Waterwatch Gold Schools Come to Kamarooka

On 21 October 2009 three of the most committed primary schools participating in Waterwatch in northern Victoria in 2009 visited the NUFG site at Kamarooka.The schools were from Eppalock, Bridgewater and Welton (near Torrumbarry).  

Waterwatch Gold kids at Kamarooka 

The day was a reward for kids that had consistently shown an interest in water quality, salinity, aquatic bugs and all things related. It was organised by the Waterwatch team from the North Central Catchment Management Authority: Mel Watts, Nicole Bullen, and Bianca Huider. Helping out were Phil Dyson (NCCMA Project Manager and NUFG member), Dom Uljanic (NCCMA Project Manager), Ken Wellard (Co-owner of Neangar Nurseries and NUFG member) and Ian Rankin (Chair of the NUFG and owner of Rankin Earth Moving).     

This was an opportunity to learn first hand about salinity, water above and below the ground, and how the right vegetation choice in the right places can turn a saline wasteland into a green oasis. There were stories to listen to, questions to answer, salty groundwaters to be sipped, saltbush leaves to taste, and all sorts of amazing gadgets to inspect.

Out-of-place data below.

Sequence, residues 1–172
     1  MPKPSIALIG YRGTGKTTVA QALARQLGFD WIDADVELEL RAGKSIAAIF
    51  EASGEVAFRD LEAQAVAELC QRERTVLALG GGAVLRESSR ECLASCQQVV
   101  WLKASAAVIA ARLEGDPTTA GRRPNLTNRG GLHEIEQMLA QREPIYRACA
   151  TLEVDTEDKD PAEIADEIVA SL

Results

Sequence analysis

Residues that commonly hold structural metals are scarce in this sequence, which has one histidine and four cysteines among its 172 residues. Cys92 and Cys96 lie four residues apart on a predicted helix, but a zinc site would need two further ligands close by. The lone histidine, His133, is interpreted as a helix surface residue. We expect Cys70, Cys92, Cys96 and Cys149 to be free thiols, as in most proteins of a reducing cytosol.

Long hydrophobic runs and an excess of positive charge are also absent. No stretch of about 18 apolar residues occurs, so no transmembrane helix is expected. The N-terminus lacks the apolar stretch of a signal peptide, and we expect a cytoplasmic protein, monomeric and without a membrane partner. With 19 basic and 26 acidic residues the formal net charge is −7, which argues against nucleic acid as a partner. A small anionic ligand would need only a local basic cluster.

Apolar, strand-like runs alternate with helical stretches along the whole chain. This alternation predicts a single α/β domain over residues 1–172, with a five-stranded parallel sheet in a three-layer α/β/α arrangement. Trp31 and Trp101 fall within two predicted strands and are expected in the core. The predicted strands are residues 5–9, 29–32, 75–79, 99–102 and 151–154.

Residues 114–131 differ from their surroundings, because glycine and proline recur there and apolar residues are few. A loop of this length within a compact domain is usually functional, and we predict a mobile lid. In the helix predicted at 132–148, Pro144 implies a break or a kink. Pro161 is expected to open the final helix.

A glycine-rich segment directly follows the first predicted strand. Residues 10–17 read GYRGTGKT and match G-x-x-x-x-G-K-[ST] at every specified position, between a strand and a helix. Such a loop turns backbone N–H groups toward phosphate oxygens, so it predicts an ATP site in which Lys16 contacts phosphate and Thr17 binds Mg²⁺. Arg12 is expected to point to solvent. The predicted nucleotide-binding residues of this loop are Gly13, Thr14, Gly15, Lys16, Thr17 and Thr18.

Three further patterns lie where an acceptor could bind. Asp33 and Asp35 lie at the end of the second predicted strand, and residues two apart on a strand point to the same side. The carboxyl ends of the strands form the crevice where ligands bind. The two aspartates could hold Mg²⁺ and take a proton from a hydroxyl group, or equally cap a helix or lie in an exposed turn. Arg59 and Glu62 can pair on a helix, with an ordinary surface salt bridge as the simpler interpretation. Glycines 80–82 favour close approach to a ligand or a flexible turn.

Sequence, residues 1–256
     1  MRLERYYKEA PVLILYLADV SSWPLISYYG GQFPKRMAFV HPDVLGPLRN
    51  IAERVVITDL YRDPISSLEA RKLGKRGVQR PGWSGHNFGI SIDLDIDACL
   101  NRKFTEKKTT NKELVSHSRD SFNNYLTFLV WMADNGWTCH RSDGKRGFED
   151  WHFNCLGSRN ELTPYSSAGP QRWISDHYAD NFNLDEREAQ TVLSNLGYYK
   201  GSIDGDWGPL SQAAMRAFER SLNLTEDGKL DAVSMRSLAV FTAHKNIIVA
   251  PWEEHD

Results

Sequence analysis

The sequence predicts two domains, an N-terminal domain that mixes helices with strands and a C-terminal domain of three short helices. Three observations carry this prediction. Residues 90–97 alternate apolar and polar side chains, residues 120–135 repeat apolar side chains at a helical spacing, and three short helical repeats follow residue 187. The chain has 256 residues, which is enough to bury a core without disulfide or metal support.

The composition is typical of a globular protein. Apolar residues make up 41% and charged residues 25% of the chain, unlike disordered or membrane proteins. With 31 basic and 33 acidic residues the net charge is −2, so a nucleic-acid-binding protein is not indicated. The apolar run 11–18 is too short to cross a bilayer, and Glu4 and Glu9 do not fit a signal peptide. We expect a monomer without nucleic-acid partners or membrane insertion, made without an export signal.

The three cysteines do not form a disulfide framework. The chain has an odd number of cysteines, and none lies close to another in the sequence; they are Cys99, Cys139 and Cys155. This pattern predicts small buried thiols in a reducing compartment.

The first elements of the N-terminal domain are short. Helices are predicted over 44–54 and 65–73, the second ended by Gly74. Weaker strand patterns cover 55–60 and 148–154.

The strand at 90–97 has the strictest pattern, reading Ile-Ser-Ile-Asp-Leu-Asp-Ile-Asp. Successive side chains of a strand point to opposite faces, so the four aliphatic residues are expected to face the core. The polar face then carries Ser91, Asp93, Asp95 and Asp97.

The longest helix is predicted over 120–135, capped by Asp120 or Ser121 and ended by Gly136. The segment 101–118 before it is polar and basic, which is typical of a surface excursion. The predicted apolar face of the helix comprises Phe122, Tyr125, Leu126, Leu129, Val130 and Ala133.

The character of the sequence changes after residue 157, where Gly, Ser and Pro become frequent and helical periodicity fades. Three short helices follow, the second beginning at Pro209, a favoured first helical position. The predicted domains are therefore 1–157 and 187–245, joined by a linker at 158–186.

NUFG Chairman Ian Rankin assumes the necessary 
protection in readiness for cooking the BBQ.  

Have you ever thought about a tree waking up in the morning and sucking water from the soil? The NUFG guys have the technology that allows them to watch this happening. 

Have you ever thought whether trees might use salty groundwater when times get tough?  The NUFG guys have gadgets that allow them to watch the groundwater fall as the trees sip the salty stuff in hard times when there is no other water.

What a  fantastic bunch of young people! Ask a question and ten hands go up. Ask for volunteer and you are swamped with kids wanting to give it a go. Ask what they have learnt from the day and you are there for half an hour. If only we could bottle this enthusiasm and feed it back over later years the world would be such a better place. 

The BBQ was a popular place after the experience of the Kamarooka Project site

Of course after such academic experiences there is hunger and the need for a little game playing. A well planned barbecue with lots of food, and a spontaneous cricket match filled that spot. 

Traditional post-lunch cricket match

Primary school kids are amazing.  Such ability to learn and such enthusiasm. Good teachers with the ability to open young minds are a big part of all of this.